Blood, shown in the red arrow, travels through the foramen ovale and the foramen secundum. HH: right ventricle, VH: left ventricle, HF: right atrium, VF: left atrium, LV: pulmonary vein
The foramen secundum (from Latin, meaning 'second opening') is formed from small perforations that develop in the septum primum. The septum primum is a septum that grows down between the single primitive atrium of the developing heart to separate it into left and right atria.
Once a baby is born, blood should flow through the lungs, which now function to provide oxygen to the blood. The foramen secundum and foramen ovale act as a shunt where blood bypasses the lungs and does not become oxygenated. To provide proper blood flow as a newborn, the foramen secundum and foramen ovale must close at birth. Since the lungs now require a significant amount of blood flow, the vessels going to and from the lungs undergo dilation. While the pulmonary artery and pulmonary veins are dilating, the umbilical artery and umbilical vein are severed at the cutting of the umbilical cord, or the funiculus umbilicalis. This combination results in a reversal of pressure differences between the atria, and the septum primum is permanently forced against the septum secundum. This holds true even during atrial diastole, when the pressure is significantly less than atrial systole.
The septum primum is on the left side of the heart in the left atrium while the septum secundum is much thicker and is located on the right side, in the right atrium. During development, blood shunts from the floor of the right atrium through the foramen ovale in the septum secundum then up through the foramen secundum in the septum primum. The foramen secundum is positioned so that blood exits in the ceiling of the left atrium and then out through the left ventricle and the aorta. The position of the foramen secundum and the size of the septum primum are crucial to ensuring that blood not flow backwards from the left atrium to the right atrium. The septum primum, being much thinner, is easily pressed against the septum secundum if blood attempts to flow in the reverse direction, effectively sealing off both the foramen secundum and the foramen ovale.
An ostium secundum that persists at large size can be a source of atrial septal defects. Foramen secundum atrial septal defects are the most common atrial septal defects. This defect can arise as a result of defects of the septum primum and the septum secundum. For the septum primum, the problem can arise as a result of excess resorption of the septum during the process of apoptosis in order to form the foramen secundum. For the septum secundum, its inadequate growth can cause atrial septal defect since it is supposed to grow and eventually overlap the foramen secundum so as to form the oval foramen.
Newborns with small foramen secundum atrial septal defects have been shown to spontaneously correct by the third or fourth year of life. Therefore, medical supervision is generally accepted as a preventive measure for those diagnosed in infancy, rather than surgical intervention or use of other medical devices.
If surgery is required, it is performed using minimally invasive techniques via robotic surgery that often requires only a few days of hospital stay. Surgical intervention should result in full closure of the foramen secundum, and mortality rates are similar to those for general anesthesia. The repair can be made by suturing the atrial septum or, if the foramen secundum is large in size, a patch can be made from the patient's pericardium to fully separate each atrium. The synthetic material Dacron may also be used to create a repair patch.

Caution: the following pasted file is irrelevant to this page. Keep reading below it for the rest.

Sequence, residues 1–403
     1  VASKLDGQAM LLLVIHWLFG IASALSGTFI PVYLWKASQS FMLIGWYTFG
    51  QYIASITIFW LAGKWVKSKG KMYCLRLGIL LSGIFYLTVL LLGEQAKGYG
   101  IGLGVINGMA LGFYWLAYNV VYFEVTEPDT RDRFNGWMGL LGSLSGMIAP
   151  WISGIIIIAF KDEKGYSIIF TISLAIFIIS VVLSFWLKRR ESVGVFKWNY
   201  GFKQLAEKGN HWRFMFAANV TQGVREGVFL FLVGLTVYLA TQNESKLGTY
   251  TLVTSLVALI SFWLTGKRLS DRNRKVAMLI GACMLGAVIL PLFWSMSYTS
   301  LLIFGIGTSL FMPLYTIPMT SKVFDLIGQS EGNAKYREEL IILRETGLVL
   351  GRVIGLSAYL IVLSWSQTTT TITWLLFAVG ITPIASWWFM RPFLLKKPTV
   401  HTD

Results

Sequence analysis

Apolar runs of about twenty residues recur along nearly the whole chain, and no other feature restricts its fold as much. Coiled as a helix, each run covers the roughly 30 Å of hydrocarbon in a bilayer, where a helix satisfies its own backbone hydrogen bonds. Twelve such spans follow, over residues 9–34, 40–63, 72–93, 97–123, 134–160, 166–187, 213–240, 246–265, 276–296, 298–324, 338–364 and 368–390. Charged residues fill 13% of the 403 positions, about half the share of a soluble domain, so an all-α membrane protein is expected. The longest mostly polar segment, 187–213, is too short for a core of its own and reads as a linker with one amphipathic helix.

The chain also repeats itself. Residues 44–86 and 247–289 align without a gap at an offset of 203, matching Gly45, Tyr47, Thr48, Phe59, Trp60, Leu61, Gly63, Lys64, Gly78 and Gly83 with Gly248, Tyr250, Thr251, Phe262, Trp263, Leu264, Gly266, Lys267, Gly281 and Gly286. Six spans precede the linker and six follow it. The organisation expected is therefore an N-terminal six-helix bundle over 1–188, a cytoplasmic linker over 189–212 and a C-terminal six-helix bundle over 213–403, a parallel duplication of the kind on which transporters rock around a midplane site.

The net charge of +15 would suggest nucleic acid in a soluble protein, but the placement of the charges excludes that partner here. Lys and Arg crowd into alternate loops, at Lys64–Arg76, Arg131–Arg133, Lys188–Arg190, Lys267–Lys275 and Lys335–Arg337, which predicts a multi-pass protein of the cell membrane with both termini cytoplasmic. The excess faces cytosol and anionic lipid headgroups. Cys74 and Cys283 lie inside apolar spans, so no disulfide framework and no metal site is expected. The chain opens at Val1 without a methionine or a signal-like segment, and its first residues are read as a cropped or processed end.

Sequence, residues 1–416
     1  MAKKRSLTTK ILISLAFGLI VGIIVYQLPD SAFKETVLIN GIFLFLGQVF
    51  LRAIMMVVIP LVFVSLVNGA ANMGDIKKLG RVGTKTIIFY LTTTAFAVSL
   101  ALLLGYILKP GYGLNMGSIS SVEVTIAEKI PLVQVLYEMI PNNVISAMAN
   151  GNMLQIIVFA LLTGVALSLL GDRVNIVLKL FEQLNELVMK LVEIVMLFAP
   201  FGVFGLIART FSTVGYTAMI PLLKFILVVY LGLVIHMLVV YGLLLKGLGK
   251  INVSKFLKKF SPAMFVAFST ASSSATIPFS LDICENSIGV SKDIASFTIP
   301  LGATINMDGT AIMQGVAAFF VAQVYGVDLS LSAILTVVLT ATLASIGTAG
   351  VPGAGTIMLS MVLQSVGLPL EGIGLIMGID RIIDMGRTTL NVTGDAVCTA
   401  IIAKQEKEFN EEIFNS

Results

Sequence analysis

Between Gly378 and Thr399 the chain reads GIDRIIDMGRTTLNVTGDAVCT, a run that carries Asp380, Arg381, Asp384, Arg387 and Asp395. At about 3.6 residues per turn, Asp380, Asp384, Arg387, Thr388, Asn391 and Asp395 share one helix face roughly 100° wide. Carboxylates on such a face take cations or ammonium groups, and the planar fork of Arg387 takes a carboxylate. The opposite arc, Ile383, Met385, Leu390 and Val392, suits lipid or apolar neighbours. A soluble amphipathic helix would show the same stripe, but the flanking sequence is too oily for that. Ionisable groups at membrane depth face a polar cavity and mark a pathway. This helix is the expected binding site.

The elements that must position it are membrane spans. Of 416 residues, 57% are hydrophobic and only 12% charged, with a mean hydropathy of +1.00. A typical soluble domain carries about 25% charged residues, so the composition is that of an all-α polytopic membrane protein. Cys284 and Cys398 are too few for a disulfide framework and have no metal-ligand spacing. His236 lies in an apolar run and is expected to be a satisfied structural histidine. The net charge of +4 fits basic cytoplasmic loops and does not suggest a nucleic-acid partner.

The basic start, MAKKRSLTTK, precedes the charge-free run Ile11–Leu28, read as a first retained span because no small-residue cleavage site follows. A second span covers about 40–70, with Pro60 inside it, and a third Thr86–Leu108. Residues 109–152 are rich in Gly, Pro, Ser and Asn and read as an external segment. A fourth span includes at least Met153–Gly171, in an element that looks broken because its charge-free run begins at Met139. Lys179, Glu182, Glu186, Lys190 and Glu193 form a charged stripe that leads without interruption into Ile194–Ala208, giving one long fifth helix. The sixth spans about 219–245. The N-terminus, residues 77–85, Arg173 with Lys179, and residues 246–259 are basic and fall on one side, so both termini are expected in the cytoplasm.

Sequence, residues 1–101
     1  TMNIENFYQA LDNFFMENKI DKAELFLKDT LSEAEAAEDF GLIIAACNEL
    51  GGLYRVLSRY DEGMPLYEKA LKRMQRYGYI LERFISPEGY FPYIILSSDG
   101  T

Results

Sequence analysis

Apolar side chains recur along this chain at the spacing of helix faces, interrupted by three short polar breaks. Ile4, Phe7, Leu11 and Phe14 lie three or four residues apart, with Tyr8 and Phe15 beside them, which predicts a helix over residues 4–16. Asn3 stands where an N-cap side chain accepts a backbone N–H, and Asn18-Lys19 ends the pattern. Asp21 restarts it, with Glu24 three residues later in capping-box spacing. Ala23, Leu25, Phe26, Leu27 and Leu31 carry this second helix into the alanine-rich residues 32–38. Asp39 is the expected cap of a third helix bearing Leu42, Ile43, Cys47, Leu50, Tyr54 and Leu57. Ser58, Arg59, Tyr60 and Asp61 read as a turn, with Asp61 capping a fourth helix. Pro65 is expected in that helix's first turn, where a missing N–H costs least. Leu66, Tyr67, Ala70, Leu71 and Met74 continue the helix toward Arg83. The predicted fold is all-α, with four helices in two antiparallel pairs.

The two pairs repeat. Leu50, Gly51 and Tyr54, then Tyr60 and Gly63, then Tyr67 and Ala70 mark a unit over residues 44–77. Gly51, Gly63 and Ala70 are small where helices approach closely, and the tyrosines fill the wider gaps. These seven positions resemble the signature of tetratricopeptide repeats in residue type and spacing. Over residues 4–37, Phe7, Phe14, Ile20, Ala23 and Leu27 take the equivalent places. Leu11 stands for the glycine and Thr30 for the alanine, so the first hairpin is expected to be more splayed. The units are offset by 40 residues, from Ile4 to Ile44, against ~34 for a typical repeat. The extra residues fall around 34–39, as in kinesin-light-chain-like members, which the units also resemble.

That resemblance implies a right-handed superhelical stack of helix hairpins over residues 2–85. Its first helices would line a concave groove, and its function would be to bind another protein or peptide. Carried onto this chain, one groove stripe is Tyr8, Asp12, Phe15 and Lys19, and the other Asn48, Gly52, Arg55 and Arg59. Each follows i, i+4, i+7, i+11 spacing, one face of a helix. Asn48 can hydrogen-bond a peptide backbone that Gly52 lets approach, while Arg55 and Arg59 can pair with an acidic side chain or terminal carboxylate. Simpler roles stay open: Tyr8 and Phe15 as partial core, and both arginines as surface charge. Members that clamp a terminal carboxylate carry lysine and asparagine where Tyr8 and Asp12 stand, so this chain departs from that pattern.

Inserting a catheter has proven to be a safe and successful method for closing the foramen secundum in children. This method avoids the symptoms that accompany most ostium secundum atrial septal defects. The catheter is inserted into the femoral vein in the leg and moved into place in the atrial septum. Transesophageal echocardiography is accepted as the method to monitor this procedure which, when performed correctly, has shorter recovery times than surgical intervention. Complications of catheter insertion often include nausea and vomiting, blood vessel obstruction, pain, and hemorrhage. The most common problem with this preventive measure is the incomplete closing of the foramen secundum.
There is at present no drug therapy for foramen secundum atrial septal defects, although infective endocarditis is a postoperative concern. To prevent this condition, a prophylactic is used for six months after the operation.
Many patients with a foramen secundum that persists into adulthood will remain asymptomatic throughout their lives. A mortality rate of less than one tenth of one percent is expected if the operation is performed correctly. Some argue that if the operation is performed before eight years of age, few cardiac abnormalities such as cardiac dysrhythmia are expected later in life. Others argue that the operation can take place as late as age 24, to limit cardiac complications in middle age or later. Some sources have argued that mitral regurgitation and mitral valve prolapse are common after age 40, if the ostium secundum is not repaired by age 24. Operative closure of atrial septal defects after age 40, and the ability to diminish symptoms at all remains controversial. Some data does suggest that even after that age, symptoms can be alleviated via surgical intervention, including prevention of Arrhythmogenic right ventricular dysplasia and other associated cardiac abnormalities.
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